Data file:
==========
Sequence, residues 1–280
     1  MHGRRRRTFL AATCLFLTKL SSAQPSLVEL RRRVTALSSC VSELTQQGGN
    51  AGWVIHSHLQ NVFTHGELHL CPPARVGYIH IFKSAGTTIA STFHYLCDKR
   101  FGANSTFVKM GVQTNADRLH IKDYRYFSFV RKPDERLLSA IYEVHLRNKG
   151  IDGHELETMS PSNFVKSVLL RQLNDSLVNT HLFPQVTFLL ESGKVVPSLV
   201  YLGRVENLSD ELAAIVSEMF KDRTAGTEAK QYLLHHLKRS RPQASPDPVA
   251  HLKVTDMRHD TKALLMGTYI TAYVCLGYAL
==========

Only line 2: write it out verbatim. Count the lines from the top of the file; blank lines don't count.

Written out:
     1  MHGRRRRTFL AATCLFLTKL SSAQPSLVEL RRRVTALSSC VSELTQQGGN